In practice, it's not so simple. Much of the appeal of P3 & P4 rests in the games' youthful casts, their heavy emphasis on socialization among party members, their energetic visual style, and the key role that elemental weaknesses and resistances play in turning the tide of battle. Meanwhile, Etrian Odyssey plays as the very definition of old school, with a party consisting of blank ciphers and exploration designed around high-risk for sometimes meager rewards. While a Persona party can cover all its bases thanks to the role the eponymous Persona avatars play — enabling a spread of skills and powers — Etrian Odyssey's party system was deliberately designed around the idea of deficiency, of always venturing out with the sensation that your team is just one member short of optimal. The idea of endurance factors into both series, and Persona (like all Shin Megami Tensei adventures) isn't afraid to throw a harsh challenge in the player's way, yet the stakes are always much higher in Etrian Odyssey.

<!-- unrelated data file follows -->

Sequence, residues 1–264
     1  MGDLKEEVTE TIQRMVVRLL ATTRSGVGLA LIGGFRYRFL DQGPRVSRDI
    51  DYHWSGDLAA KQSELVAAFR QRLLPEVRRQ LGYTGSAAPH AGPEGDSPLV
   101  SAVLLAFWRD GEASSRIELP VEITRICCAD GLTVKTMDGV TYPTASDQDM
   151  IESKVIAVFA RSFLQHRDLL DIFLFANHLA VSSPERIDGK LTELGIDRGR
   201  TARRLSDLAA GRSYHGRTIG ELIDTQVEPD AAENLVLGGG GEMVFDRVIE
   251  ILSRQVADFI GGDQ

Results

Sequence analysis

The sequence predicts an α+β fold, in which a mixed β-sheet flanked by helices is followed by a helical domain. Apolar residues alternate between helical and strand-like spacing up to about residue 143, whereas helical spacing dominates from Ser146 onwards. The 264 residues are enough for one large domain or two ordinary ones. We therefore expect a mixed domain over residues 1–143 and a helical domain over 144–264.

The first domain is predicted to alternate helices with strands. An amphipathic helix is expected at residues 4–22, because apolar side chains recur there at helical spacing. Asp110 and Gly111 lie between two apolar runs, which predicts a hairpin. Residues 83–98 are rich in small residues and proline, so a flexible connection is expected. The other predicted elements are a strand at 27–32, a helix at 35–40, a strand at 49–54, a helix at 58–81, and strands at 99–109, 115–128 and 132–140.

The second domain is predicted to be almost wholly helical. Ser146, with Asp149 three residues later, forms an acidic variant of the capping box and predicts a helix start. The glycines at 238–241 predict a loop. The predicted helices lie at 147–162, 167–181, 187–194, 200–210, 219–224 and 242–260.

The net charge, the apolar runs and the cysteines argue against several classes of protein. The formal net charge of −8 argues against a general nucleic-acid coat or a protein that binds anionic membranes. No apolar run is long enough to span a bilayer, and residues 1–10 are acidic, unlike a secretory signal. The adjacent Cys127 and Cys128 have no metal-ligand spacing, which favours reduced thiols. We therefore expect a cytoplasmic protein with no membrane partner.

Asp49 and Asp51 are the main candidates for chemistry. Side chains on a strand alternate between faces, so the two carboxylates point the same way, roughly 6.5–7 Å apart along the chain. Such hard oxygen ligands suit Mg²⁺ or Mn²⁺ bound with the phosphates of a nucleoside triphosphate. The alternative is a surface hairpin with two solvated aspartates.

So how do you combine the two without losing their essence or, worse, creating a godawful wreck of a game? The obvious answer would be to stick Persona characters in Etrian Odyssey's shell, since the former is all about characters while the latter is all about disciplined exploration. On the surface, that's precisely what Atlus has done.